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Colombia - Part 3 (Jardin)

10/26/2023 - 10/30/2023

Sometimes, dreams come true. Mine was a simple dream. I wanted to visit the one country in the world with the most species of birds. Over 1,900 species (nearly 1/5 of the species described across the entire planet) of birds can be found in Colombia. After years of strife, ecotourism is finally skyrocketing there. So earlier this year, when I heard a friend was heading to Colombia as part of a scouting trip, I asked if I could go along. They were kind enough to allow me to travel with them, and I am forever grateful. A very large thank you to Brian and Jamie of Sabrewing Nature Tours for letting me join them. They would be scouting a photo tour of the south-central portion of Colombia. I would be living a dream. This tour would take us from the area around Cali on the western cordillera to the central cordillera area around Manizales, and finally back over to the western cordillera and the town of Jardin. This post covers our time in the Jardin area.

This post will be much shorter than the last. Looking back, the trip seemed to be lasting forever - in all the best ways. Now, we were staring down at the finish line. We will be heading to Jardin, where we will spend a couple of nights. We are leaving the central cordillera and heading back to the western one. We are not going to quite make it away from the central this first day, though. Honestly, we are just moving to the other side of Manizales. We will follow that up with a long drive to Jardin and then head to Medellin to start the process of getting home. Before that, though, we have a lot to cover.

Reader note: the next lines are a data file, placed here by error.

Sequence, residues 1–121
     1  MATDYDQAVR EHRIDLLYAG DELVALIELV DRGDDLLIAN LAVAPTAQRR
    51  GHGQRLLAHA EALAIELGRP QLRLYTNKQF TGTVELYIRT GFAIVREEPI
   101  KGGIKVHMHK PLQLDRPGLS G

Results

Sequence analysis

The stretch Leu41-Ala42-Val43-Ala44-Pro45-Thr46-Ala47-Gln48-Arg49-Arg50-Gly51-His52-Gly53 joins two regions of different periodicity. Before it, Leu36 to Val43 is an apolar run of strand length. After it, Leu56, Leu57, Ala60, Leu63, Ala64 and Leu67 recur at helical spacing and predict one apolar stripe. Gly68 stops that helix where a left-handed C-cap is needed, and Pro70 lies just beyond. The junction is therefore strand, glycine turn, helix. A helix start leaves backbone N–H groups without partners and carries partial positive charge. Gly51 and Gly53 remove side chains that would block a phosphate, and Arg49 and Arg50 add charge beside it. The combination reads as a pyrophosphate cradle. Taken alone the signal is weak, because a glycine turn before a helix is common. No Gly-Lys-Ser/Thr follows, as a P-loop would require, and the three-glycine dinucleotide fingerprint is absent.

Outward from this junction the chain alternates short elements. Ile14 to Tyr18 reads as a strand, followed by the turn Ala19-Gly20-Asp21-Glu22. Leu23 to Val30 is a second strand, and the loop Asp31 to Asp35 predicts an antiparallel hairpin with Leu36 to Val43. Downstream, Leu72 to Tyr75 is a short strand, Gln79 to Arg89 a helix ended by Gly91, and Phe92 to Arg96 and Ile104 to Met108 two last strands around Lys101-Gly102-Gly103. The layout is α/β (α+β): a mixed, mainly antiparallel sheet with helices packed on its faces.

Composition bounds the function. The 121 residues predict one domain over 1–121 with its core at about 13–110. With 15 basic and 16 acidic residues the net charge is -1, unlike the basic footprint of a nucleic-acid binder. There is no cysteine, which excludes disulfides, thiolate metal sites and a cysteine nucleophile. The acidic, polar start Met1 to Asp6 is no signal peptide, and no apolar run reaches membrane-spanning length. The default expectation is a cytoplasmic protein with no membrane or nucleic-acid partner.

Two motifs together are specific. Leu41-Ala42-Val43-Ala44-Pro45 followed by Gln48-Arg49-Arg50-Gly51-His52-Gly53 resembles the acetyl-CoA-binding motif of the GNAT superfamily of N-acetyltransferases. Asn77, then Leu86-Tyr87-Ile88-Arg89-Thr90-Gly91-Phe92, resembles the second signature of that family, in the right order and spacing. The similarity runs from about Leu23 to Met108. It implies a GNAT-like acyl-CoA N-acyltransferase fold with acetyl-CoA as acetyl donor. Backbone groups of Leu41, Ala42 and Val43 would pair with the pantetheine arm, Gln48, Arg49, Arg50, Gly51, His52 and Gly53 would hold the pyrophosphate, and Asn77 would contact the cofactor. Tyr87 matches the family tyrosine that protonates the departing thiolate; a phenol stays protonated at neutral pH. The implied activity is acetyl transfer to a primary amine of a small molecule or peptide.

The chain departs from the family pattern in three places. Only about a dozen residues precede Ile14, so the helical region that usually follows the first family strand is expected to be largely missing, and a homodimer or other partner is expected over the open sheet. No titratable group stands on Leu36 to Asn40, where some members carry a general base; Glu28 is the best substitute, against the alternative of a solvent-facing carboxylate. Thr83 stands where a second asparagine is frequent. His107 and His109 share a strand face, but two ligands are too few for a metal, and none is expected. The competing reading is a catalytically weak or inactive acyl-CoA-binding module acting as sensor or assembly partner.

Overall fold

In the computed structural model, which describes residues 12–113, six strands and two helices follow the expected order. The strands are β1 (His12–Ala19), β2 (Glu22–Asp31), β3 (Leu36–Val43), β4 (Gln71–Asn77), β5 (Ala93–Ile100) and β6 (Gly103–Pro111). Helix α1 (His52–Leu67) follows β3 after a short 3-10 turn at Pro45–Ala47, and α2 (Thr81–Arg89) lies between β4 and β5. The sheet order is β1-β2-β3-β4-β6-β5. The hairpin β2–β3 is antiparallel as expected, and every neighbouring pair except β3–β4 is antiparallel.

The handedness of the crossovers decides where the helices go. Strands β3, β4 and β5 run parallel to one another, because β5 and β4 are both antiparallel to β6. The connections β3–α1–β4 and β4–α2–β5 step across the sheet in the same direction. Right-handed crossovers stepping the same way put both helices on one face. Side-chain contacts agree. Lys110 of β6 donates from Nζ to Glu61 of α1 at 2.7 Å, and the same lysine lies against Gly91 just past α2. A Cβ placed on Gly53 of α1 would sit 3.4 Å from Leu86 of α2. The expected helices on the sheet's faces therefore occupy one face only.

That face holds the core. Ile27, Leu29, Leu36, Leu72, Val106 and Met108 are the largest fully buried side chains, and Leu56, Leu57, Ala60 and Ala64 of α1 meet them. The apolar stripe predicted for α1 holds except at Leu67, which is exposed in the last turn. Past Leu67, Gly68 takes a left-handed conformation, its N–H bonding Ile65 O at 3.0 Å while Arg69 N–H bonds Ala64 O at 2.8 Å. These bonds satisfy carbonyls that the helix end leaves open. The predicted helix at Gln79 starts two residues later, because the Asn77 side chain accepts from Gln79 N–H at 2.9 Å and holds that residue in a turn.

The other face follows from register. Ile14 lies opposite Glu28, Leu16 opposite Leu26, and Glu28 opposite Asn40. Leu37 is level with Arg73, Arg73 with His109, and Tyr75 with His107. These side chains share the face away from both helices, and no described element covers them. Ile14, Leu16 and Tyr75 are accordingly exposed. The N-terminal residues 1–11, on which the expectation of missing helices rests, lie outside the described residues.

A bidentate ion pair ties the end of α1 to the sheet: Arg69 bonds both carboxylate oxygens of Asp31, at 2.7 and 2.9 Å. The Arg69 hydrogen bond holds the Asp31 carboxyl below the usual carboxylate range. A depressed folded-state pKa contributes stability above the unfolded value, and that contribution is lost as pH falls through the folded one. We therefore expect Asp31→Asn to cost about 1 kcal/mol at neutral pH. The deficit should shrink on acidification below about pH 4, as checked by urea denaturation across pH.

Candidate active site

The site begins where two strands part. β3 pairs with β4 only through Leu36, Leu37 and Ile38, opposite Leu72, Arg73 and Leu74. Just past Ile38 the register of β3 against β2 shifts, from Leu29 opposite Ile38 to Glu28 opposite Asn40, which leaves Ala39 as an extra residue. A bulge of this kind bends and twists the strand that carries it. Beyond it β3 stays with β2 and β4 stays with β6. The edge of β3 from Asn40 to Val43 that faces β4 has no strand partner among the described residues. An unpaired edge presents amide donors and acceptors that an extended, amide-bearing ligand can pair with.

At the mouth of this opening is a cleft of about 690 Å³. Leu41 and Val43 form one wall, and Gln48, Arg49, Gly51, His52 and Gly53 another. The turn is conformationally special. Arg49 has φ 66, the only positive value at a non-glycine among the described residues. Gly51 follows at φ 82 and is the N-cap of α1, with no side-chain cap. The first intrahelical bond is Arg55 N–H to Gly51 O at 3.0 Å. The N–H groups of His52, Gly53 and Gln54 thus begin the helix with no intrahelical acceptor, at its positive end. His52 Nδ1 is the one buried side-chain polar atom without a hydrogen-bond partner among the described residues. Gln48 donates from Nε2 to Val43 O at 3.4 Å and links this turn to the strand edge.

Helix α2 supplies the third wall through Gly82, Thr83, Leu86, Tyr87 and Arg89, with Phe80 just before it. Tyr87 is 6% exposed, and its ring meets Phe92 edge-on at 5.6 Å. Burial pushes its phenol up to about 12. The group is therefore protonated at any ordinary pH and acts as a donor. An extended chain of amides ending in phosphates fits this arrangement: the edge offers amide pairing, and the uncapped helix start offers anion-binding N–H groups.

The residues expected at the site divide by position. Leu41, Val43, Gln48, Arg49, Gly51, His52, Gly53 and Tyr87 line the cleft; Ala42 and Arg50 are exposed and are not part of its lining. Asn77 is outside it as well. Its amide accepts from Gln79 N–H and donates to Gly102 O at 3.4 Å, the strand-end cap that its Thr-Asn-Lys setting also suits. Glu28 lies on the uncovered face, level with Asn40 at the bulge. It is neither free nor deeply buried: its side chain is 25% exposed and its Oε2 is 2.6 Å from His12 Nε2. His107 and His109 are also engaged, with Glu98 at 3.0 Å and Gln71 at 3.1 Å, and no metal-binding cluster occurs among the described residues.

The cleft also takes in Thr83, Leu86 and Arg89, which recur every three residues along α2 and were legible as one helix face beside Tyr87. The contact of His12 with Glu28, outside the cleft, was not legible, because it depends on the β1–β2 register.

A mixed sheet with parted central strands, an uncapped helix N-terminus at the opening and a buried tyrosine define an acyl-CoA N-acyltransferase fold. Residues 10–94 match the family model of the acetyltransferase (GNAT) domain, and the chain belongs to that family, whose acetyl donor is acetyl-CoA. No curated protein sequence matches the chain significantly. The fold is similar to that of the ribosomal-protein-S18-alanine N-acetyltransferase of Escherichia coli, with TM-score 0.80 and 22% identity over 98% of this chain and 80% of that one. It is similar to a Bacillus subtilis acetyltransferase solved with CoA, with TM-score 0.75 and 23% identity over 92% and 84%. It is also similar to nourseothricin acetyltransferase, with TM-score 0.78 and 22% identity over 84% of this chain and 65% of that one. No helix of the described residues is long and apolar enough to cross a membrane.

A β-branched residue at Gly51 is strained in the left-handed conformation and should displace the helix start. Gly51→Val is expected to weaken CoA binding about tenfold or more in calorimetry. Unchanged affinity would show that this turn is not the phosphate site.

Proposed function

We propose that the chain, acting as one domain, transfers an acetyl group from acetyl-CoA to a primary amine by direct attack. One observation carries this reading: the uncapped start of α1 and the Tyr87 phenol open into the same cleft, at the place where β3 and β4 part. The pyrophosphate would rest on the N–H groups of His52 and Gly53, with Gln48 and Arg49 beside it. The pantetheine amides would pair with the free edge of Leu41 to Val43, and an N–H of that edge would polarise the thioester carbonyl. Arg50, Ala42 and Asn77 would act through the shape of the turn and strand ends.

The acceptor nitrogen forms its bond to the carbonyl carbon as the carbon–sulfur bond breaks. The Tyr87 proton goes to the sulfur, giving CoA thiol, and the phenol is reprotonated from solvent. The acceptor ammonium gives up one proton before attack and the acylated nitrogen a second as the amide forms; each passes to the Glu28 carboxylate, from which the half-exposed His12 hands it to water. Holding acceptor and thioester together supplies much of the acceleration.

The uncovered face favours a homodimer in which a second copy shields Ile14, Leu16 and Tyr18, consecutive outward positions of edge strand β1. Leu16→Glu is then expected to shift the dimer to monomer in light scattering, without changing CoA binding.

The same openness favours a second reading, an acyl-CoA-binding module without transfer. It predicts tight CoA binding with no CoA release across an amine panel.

Hotel Tinamu

We had been staying at a hotel on the eastern side of Manizales. After a half day of shooting at El Color de Mis Reves, we were heading a couple hours west just outside Manizales. We were still in the central cordillera, but we were much lower in elevation. This, obviously, brought us a whole new set of birds. We arrived at Hotel Tinamu in time for a very late lunch. We had from lunch on the day we arrived until lunch the next day to shoot. After that, we would make the long drive to Jardin. There were a few banana feeders spread around the property. A network of trails offered a chance for some birding, and we would be doing a night walk to look for owls and potoo. The specialty here was really the tanagers. There were three, aside from the regulars, that are known to come to the feeders: Blue-necked, Crimson-backed, and Guira. All three are spectacular, but we only saw two of them.

Blue-necked Tanager, to me, is entirely misnamed. It is not just the neck of the tanager that is blue. It is the whole head. What about Blue-hooded? And that blue. Is it really blue? Anyway, you be the judge. The bird is beautiful but not my favorite. It is normally more of a canopy bird; so, it is nice to have a spot where you can see it well and photograph it.

The Crimson-backed Tanager is a spectacularly beautiful bird. It specialized in being sneaky. It would move in from somewhere low, raid the feeder, and then run off. I basically got one good series at the bird, and this was these were the best of the photos. While I said this was a photo tour and it allowed us time to focus on getting photos, I probably should have clarified that this did not guarantee a good photo.

While we are discussing tanagers, I would like to talk about another tanager. While it is called a tanager, it is in a different family than the other tanagers. It says a lot about the bird that, even though it is a migrant from home (and even nests in my state), that I spent so much time photographing the bird. Summer Tanager was a shy but frequent visitor to the feeders. It was hard to resist shooting it when it was there. It is a spectacular bird, and we were lucky enough to have a male and a female coming in to feed.

We were also lucky (?) to have a pair of Great Kiskadee with a nest nearby. The nest consisted of a hollowed out hole in a bunch of moss on a tree. I gave the lucky a question mark, because they had a habit of bringing in food and then beating it on a limb in front of us. It was a bit macabre.

The normal perched shots were more enjoyable.